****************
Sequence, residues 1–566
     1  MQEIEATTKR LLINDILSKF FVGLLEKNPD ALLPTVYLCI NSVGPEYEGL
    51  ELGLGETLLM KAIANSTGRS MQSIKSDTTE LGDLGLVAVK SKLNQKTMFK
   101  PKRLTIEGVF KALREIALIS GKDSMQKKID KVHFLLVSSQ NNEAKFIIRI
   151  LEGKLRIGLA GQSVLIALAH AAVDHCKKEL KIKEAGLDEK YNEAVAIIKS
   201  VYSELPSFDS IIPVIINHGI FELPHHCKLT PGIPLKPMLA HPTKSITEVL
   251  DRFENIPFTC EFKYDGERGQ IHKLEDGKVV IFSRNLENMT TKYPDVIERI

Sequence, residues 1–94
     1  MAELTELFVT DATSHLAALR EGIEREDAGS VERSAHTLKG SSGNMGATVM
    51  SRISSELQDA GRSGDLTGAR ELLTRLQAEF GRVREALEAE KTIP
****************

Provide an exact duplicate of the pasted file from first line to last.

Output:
Sequence, residues 1–566
     1  MQEIEATTKR LLINDILSKF FVGLLEKNPD ALLPTVYLCI NSVGPEYEGL
    51  ELGLGETLLM KAIANSTGRS MQSIKSDTTE LGDLGLVAVK SKLNQKTMFK
   101  PKRLTIEGVF KALREIALIS GKDSMQKKID KVHFLLVSSQ NNEAKFIIRI
   151  LEGKLRIGLA GQSVLIALAH AAVDHCKKEL KIKEAGLDEK YNEAVAIIKS
   201  VYSELPSFDS IIPVIINHGI FELPHHCKLT PGIPLKPMLA HPTKSITEVL
   251  DRFENIPFTC EFKYDGERGQ IHKLEDGKVV IFSRNLENMT TKYPDVIERI

Sequence, residues 1–94
     1  MAELTELFVT DATSHLAALR EGIEREDAGS VERSAHTLKG SSGNMGATVM
    51  SRISSELQDA GRSGDLTGAR ELLTRLQAEF GRVREALEAE KTIP